Amanda Masters and her husband, John Daskovsky, spent six months living and working at the Himalayan Institute center in Jonotla, Mexico, before moving to Buffalo, NY, to become the directors of Himalayan Institute Buffalo. “I often think about our time at Himalayan Institute Mexico and everything we learned there,” says Amanda. “One of the wonderful things about the Institute’s approach to working with farmers there and at the other centers is the dynamic between continuously teaching and learning.”
The following video was taken by Himalayan Institute Mexico General Manager Geovanni Beristain. In it, a local farmer explains how to graft lemon and other citrus trees, using a technique known as bud grafting. Grafting is a great technique because it allows a farmer to combine desirable features of a fully grown tree (such as high fruit production and resistance to disease) with a strong and hardy rootstock that is adapted to growing in local conditions.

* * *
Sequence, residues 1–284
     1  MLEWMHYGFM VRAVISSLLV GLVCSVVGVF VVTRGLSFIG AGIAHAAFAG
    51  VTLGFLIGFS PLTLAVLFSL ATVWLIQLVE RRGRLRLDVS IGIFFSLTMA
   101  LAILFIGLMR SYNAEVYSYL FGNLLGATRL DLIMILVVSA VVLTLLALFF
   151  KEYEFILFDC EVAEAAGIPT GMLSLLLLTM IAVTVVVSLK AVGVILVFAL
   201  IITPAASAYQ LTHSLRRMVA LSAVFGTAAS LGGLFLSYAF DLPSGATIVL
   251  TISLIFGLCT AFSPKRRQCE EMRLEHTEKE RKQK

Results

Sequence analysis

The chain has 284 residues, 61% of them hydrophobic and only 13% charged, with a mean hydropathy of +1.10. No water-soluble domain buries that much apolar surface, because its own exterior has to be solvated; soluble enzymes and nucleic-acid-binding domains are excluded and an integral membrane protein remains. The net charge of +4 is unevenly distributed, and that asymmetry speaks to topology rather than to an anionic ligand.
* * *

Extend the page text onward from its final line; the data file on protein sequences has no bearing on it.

Watch our lemon grafting video here!
- A cut is made into the rootstock, which will be the lower half of the tree. A bud cut from a mature tree that you wish to replicate is inserted into the window cut out of the rootstock.
- The farmer then seals the bud onto the trunk with a strip of plastic, which will prevent rain from getting in and will allow the two pieces to grow together. The plastic will be left on for a number of weeks, until the bud is firmly grown into the rootstock.
- When the plastic is removed, the top of the rootstock is cut off, so all new growth will be from the grafted-on bud. In this way, the farmer can control the features of the tree and speed up the growing process.
A similar grafting technique is also used to grow Pongamia pinnata trees in India, where the Himalayan Institute has worked with Tibetan farmers.